`Senior-Friendly LTC Planning Includes Addressing The Underwriting Issues
Choosing the right long term care insurance carrier can be critical to getting LTC insurance placed.
The senior prospect who is planning to use a LTC policy to pay for care usually offers underwriting challenges that werent present earlier in his or her lifetime. Many seniors who denied the need to plan for LTC seek out this insurance only after theyve had a health scare.
The good news is such prospects are motivated to buy. The bad news is, you may not be able to help them.
Or can you? Depending on what their “problem” is, as one underwriting manager put it, “one companys decline is anothers standard.”
Lets take a look at the leading causes of underwriting declinations (see chart). This information was compiled from the experience of 19 insurers.
It is true that underwriters treatment of cancer, high blood pressure, and depression is relatively uniform across carriers. However, agents should keep in mind that underwriting for some disorders (such as obesity, diabetes, rheumatoid arthritis, stroke and osteoporosis) can vary dramatically between carriers.
When prospects with obesity or diabetes apply for life insurance, they are normally offered a rated policy. But, unlike life insurers, most LTC insurers do not offer rated policies. In the LTC world, the typical outcome for a substandard risk is either a modified offer or a decline. (A modified offer takes two forms: a shorter benefit period than applied for, or a longer elimination or waiting period.)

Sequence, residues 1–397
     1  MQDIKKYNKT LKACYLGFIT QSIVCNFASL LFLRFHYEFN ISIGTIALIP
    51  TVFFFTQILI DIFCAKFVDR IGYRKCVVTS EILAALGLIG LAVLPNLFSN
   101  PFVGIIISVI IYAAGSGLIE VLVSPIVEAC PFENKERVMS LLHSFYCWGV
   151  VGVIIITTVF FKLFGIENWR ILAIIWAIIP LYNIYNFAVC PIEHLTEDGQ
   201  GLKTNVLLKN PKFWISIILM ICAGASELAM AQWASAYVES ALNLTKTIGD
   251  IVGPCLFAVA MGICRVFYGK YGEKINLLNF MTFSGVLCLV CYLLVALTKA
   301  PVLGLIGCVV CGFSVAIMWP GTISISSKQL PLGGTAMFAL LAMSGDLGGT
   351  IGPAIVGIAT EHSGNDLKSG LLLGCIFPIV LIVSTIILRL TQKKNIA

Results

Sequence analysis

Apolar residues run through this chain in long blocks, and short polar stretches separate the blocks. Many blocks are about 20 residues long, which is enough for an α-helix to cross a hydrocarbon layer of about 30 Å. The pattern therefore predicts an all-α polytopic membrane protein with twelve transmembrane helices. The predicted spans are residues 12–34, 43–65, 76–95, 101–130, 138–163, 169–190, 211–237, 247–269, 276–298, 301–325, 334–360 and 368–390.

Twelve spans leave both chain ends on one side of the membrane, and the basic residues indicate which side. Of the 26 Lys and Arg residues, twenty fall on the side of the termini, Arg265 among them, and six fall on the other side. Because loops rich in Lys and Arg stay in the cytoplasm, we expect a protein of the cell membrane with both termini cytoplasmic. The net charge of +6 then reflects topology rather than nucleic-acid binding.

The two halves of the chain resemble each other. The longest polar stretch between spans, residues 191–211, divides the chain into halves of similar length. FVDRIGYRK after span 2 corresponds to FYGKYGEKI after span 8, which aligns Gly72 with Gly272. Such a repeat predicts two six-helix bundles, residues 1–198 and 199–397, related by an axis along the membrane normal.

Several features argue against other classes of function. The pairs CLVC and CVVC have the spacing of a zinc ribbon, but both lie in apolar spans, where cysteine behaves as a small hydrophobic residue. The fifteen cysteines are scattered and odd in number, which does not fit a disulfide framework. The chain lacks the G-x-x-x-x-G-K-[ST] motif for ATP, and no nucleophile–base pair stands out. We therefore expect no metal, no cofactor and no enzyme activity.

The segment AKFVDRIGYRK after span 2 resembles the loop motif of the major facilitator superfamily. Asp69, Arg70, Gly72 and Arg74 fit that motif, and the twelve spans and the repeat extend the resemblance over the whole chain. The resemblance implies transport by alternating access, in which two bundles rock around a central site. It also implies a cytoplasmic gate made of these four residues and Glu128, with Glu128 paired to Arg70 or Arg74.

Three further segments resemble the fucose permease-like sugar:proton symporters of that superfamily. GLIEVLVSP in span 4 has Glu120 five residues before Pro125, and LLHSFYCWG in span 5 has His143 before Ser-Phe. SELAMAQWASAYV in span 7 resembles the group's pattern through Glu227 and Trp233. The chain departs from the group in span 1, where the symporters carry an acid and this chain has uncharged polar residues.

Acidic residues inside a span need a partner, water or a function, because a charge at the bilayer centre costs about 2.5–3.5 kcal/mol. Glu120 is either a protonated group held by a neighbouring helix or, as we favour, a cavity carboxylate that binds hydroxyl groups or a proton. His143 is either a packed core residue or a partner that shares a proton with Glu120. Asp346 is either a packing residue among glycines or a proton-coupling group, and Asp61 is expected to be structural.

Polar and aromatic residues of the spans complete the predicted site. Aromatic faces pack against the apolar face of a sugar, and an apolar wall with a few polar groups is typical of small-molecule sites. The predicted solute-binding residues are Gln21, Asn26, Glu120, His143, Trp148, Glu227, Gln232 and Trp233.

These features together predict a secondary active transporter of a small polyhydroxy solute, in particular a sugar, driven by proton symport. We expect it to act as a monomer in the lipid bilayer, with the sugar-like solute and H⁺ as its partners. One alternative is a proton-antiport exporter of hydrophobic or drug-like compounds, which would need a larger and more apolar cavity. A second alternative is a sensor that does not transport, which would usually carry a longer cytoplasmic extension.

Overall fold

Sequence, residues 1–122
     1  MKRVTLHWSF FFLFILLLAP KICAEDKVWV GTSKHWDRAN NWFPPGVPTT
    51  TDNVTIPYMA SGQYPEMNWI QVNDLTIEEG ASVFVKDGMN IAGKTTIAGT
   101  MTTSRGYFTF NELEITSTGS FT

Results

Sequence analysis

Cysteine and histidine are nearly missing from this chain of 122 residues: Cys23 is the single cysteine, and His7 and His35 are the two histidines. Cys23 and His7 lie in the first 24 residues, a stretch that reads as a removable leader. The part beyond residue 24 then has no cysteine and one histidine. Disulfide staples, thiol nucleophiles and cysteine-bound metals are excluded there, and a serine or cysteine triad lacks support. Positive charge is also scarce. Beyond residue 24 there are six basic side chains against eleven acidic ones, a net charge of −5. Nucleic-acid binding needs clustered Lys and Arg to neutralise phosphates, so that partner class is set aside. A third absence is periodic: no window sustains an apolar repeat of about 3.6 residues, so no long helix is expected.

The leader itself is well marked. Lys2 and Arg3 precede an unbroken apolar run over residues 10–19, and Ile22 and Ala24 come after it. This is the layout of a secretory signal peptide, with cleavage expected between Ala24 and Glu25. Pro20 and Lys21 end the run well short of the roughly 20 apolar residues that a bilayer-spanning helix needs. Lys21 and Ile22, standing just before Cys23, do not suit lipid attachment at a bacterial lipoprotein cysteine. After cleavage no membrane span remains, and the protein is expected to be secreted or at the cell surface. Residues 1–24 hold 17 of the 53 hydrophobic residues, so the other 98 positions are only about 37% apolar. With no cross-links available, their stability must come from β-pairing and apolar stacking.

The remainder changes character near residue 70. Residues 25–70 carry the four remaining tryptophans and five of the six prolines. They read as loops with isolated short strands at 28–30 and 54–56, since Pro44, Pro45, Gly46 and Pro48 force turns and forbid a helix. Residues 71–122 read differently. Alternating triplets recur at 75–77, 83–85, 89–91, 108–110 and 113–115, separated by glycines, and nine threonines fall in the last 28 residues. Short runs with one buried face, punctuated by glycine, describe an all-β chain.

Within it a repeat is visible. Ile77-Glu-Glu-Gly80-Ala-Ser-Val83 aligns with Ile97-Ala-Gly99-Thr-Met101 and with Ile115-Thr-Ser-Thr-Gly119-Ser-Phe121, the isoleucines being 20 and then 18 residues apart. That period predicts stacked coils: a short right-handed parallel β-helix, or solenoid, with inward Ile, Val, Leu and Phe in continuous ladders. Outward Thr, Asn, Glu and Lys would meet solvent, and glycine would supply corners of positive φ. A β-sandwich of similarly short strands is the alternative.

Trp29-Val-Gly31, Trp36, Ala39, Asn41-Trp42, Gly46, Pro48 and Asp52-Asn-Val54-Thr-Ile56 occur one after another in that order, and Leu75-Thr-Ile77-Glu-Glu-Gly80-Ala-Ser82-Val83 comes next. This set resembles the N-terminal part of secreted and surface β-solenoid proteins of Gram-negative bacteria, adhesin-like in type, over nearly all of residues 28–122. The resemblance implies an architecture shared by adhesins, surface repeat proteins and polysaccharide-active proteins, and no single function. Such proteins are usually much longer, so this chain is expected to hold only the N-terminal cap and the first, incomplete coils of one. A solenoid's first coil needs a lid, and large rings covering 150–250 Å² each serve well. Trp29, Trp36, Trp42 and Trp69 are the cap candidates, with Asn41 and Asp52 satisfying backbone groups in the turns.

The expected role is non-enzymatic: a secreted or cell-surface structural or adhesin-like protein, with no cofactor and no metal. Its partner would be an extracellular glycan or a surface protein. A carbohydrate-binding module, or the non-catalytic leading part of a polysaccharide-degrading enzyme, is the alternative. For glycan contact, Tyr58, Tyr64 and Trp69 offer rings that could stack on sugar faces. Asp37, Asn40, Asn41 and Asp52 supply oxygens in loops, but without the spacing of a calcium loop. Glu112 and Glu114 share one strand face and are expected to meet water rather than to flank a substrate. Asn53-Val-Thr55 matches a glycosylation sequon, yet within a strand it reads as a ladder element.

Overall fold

Its important to note that, if health improves, underwriting decisions can often be revisited. When given a modified offer, or if an application is declined, be sure to ask the underwriter if and when the decision can be revisited.
Meanwhile, encourage the client who received a modified offer to take the policy, thereby locking in protection while you continue to pursue coverage elsewhere.
A small number of LTC carriers offer rated policies. These ratings are not as sophisticated as life insurance substandard rates, which are expressed in a number of different tables. The few LTC insurers that offer rated policies typically have only two available ratings, such as 125% or 150%.
Due to the additional underwriting flexibility offered by ratings, however, a LTC agent may want to place medically questionable cases with such carriers.
Of course, ratings can be a double-edged sword. A company that doesnt offer ratings and must make a yes/no decision on every applicant may be motivated to take at standard rates a proposed insured that a company using ratings would also approve–but with a rating.
What can an agent do when an application is declined? First, request, in writing, an explanation of why the underwriting decision was made.